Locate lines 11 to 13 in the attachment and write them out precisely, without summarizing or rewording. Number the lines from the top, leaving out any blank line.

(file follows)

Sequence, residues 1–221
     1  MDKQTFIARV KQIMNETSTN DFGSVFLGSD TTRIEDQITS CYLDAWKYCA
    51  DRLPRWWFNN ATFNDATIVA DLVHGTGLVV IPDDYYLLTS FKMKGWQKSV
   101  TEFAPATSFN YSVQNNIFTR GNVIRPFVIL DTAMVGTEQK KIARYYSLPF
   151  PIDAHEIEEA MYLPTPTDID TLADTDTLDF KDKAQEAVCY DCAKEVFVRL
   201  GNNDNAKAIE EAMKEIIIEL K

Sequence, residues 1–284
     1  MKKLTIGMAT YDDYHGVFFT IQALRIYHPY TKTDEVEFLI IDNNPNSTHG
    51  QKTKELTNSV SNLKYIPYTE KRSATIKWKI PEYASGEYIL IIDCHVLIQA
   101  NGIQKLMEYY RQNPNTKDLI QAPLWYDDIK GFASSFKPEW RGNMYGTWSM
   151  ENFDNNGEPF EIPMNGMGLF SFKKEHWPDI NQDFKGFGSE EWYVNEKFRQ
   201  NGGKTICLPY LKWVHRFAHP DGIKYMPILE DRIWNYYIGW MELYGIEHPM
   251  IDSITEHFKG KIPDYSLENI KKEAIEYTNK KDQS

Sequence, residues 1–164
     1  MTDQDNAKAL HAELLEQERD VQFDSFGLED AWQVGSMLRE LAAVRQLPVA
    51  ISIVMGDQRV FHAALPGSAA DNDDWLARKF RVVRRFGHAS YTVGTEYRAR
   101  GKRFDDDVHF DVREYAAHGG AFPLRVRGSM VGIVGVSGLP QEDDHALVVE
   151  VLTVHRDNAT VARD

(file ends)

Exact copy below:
   151  ENFDNNGEPF EIPMNGMGLF SFKKEHWPDI NQDFKGFGSE EWYVNEKFRQ
   201  NGGKTICLPY LKWVHRFAHP DGIKYMPILE DRIWNYYIGW MELYGIEHPM
   251  IDSITEHFKG KIPDYSLENI KKEAIEYTNK KDQS